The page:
Notebook and coffee with calendar date on bright yellow background, This image is meant to portray date a hurting couple is planning to attend a couples therapy retreat in Maine, a couples therapy retreat in Connecticut, or couples therapy retreats in Massachusetts.

Write about…anything!

Definitely write about the fun and positive memories. You need those to look back on when times are hard and your relationship feels difficult. The shared laughs, tender moments, and intimate connections remind you why your relationship is worth the effort.

Also note the painful and challenging times. ‘Surviving’ those has given you strength and reminds you that you have resilience as a team. Shared losses remind you that you are not alone.

Accept the reality of who will write more

Your relationship may be different, but for most of the couples I have worked with, one person tends to do more of the ‘mushy’ stuff in the relationship.  I understand that this can feel frustrating at times, but some things just ‘are’.  Rather than getting frustrated about this, accept who will be the main author.  That being said, go ahead and ask questions of your co-author to get his/her perspective and contribution.

Plan when you two might consider reading your story

Biracial or Latino couple relaxing together on a couch. This image is intended to portray the improved communication skills couples experience after attending a couples retreat in Massachusetts, a couples retreat in Maine, or a couples retreat in Connecticut.

Noting moments and reliving them as you write them is a significant benefit of this activity.  Another gain is experienced by the savoring of those moments long after they have occurred.  So think and plan when you might want to review some of these.

Special times, such as anniversaries or holiday’s are natural opportunities.  An impromptu dinner or a cozy evening with this story could also be a welcome moment to revisit parts of your story.  It’s ok, to read bits here and there, like how you might flip through a great magazine; there are no hard and fast rules on how to do this correctly.

When you share your love story with one another (and possibly with others), as imperfect as it may be, it’s a story of your connection and resilience as a couple.

Empty nest couple relaxing together on a bridge and looking at an album. This image is meant to portray the communication skills and connection a couple has after attending a marriage seminar in New England or a marriage retreat in New England.

Make Your Relationship Even Stronger With a Private Couples Therapy Intensive

You are doing things to nurture the connection in your relationship, yet there are times you have conflicts or maybe don’t feel heard by your partner. This happens to all couples.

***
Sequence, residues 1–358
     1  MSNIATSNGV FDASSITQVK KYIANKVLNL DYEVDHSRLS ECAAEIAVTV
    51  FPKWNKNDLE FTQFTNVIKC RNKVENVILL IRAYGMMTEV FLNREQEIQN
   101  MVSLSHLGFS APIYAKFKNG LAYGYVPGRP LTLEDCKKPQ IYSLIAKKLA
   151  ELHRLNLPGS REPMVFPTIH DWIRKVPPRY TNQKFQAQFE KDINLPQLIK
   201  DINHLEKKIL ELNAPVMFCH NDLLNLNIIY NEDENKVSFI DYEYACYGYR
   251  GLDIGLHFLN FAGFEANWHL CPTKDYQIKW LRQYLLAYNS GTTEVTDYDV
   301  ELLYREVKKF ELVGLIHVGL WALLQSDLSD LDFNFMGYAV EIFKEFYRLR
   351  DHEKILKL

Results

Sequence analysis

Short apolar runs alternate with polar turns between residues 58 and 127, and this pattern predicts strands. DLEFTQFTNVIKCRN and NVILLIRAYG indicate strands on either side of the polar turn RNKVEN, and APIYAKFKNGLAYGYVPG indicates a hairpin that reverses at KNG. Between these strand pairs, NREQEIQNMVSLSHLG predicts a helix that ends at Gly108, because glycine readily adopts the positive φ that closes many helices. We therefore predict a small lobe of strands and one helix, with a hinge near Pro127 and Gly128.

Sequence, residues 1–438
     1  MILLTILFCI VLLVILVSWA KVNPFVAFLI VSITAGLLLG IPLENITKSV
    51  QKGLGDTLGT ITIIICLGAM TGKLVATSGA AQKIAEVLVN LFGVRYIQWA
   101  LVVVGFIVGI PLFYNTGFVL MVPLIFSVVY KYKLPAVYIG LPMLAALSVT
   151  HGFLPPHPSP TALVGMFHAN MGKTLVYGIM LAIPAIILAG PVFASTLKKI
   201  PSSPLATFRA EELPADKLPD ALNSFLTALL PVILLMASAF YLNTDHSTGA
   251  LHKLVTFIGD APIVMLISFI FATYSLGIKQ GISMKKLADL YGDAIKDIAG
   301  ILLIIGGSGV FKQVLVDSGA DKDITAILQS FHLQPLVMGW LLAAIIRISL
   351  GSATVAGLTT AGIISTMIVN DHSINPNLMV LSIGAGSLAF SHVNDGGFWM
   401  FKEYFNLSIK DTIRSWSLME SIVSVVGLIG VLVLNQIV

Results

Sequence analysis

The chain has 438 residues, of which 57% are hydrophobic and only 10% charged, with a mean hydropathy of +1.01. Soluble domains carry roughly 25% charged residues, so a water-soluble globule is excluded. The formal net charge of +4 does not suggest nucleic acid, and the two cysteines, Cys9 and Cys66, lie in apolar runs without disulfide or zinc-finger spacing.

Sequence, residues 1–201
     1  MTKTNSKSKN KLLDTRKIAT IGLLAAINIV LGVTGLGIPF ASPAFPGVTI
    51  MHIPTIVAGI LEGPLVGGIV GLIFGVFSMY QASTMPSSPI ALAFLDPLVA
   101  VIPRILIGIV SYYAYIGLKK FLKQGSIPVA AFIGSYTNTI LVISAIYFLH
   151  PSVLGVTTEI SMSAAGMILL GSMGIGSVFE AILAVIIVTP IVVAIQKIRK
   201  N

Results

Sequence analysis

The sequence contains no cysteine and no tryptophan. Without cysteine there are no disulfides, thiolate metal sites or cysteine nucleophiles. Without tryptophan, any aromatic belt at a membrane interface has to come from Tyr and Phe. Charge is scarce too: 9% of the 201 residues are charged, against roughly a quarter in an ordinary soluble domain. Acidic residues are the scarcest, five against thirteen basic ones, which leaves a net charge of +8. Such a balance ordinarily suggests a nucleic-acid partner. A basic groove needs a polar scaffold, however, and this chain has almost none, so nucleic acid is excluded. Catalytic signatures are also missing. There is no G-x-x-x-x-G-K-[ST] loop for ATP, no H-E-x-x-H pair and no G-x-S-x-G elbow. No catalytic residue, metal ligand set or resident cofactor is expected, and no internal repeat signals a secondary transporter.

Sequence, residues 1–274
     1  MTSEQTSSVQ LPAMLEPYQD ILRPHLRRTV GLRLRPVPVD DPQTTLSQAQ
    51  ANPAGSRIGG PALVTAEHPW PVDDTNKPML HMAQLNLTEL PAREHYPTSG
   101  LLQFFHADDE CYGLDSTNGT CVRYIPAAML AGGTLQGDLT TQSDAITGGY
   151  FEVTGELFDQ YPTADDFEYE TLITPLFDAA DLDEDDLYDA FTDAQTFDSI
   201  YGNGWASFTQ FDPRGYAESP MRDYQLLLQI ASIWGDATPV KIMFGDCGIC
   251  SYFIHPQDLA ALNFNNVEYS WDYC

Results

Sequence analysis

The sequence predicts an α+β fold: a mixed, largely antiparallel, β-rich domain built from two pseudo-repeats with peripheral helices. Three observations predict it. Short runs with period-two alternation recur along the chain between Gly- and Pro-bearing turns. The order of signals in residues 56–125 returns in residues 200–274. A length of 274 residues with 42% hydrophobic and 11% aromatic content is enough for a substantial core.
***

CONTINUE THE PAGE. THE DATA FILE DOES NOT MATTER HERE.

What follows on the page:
As a loving couple, there are tools you can learn to make your communication better: improving understanding, reducing conflicts, and strengthening your connection. By attending a private pre-marital couples retreat, you will learn tools to set your relationship up for long term connection and success.

Stone walkway with garden beds on both sides, leading up to a bench. This image is meant to represent emotional connection and the ability to rebuild trust after attending a Hold Me Tight Workshop in Massachusetts with Bri McCarroll of New England Hold Me Tight.
Workshops and Retreats take place in a dedicated clinical space in a beautiful New England colonial home. This is the front walkway.

Private Couple Retreats (couples therapy intensives) help you learn communication tools so you can resolve conflicts and re-connect. New England Hold Me Tight has skilled therapists and relationship coaches who specialize in helping couples like you who want to improve your connection and learn better communication skills.

Strengthen your relationship and continue onto the path of better connection through these simple steps:

1. Contact Bri McCarroll at New England Hold Me Tight.

2. Meet for a free 50-minute consultation (video).

3. Determine if a Private Couples Intensive (Retreat) could be helpful to improve communication and connection

4. Strengthen your connection like it’s never been.

Additional Relationship Tips (Free)

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Please push the “Share’ button at the bottom of this page to share this information with others in general.  It’s free and the more couples who are connected, it’s good for all of us!      Centered

Remember, I want you to succeed!

“Hold Me Tight®” is a registered trademark to Sue Johnson. 

Published by Bri McCarroll

As a therapist, gardener, and web designer, I enjoy nurturing and empowering others.